As if sizing inconsistencies didn't make shopping for clothes overwhelming enough as it is, perusing looks on perfectly airbrushed models isn’t quite a confidence booster, either.
Recently, trending British fashion label Missguided appears to have quietly done away with digitally editing out the stretchmarks of its models in online ads, Teen Vogue reports. Fans, in turn, can’t sing enough praises for the company’s “refreshing” move.
“The fact that this picture on @Missguided hasn't been edited and you can see this models [sic] stretch marks gives me life,” wrote one user on Twitter. “Good on @Missguided for using real people — more companies should do this,” added another.
The label has long promoted inclusivity in its campaigns. Likewise, Missguided’s retouching-free stand is no accident.
“As a brand, we feel we have a strong sense of social responsibility to support young women and inspire confidence. So we’re on a mission to do just that by showing our audience it’s okay to be yourself, embrace your ‘flaws,’ celebrate individuality, and not strive for what the world perceives as perfection. Because basically, it doesn’t exist,” the brand’s creative manager Samantha Helligso told the Daily Mail earlier this week.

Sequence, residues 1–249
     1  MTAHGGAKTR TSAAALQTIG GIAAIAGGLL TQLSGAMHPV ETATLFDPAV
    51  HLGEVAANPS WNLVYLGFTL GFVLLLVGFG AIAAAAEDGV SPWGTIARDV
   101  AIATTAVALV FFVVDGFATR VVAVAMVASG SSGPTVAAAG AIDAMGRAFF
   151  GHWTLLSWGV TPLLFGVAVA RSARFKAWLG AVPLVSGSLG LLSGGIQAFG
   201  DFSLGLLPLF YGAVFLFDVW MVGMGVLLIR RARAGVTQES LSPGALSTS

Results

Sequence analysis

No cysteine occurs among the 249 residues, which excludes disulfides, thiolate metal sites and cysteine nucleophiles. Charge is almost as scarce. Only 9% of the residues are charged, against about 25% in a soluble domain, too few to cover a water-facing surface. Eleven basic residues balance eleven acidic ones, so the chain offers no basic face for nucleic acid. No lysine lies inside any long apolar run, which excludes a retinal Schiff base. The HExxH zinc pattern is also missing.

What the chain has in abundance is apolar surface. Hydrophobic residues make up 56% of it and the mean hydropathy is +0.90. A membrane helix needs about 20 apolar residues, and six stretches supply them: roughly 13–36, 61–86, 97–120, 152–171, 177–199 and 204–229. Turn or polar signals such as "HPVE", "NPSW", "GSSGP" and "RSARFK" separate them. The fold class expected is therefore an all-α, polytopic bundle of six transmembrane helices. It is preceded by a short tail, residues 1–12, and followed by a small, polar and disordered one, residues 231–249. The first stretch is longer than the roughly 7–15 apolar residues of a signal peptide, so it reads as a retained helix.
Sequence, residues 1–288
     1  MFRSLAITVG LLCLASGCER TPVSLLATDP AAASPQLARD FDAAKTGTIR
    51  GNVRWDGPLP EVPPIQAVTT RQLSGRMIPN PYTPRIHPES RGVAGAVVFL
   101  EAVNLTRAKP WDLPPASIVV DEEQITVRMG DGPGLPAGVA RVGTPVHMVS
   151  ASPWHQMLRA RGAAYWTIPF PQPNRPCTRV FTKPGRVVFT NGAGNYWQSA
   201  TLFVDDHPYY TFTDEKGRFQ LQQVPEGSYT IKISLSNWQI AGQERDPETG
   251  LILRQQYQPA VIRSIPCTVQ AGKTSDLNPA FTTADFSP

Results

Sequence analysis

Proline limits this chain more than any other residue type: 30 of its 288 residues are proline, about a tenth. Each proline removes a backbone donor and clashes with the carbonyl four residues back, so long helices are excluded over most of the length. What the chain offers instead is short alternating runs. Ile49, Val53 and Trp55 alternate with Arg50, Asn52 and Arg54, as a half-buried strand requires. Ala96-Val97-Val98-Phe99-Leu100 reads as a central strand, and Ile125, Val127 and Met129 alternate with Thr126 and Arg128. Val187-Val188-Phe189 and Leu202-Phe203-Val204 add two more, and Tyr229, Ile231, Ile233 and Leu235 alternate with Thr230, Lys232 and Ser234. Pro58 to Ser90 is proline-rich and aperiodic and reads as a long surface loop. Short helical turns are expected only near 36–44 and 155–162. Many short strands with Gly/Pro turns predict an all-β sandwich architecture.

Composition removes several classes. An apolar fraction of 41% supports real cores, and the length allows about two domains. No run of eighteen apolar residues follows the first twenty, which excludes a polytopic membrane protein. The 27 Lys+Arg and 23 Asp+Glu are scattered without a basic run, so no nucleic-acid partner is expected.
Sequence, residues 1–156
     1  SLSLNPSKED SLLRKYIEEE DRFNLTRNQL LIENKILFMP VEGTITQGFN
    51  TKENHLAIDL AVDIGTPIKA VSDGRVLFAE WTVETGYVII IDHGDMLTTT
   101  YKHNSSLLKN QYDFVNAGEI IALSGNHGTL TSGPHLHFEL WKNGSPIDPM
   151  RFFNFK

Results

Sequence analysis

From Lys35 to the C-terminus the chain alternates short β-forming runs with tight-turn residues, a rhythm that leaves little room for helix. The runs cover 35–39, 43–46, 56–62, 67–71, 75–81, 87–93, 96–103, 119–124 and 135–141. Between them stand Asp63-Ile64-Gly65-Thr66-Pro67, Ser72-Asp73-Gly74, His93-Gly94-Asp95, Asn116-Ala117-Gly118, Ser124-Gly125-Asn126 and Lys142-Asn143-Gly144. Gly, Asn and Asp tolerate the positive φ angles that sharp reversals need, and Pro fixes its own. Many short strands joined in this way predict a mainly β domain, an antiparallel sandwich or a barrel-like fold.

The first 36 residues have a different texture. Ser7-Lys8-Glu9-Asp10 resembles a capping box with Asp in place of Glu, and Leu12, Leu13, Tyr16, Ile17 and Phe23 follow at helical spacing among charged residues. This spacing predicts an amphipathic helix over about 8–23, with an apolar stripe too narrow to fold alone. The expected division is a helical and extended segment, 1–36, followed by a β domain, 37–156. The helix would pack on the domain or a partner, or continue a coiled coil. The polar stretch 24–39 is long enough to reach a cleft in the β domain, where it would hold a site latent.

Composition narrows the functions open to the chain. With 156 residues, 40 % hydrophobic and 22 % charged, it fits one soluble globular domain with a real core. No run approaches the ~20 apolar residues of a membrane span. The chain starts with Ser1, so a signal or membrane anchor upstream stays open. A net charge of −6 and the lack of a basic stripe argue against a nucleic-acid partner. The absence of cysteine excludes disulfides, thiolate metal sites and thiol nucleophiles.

“By showing imagery that's real and authentic, we want to show it's more than okay to be yourself. All you have is what you've got, so own it every day,” she added.
The recent business moves of the award-winning brand have been hitting all the right notes, in more ways than one. The 8-year-old company netted over $271 million dollars in revenue last year as sales jumped 75 percent, according to Retail Gazette.
In saying goodbye to Photoshop, Missguided is in good company. Lingerie outfitter Aerie famously stopped editing its models years ago in its still-running “Real” campaign, and online superstore ASOS made headlines over the summer for leaving its bikini models au naturel.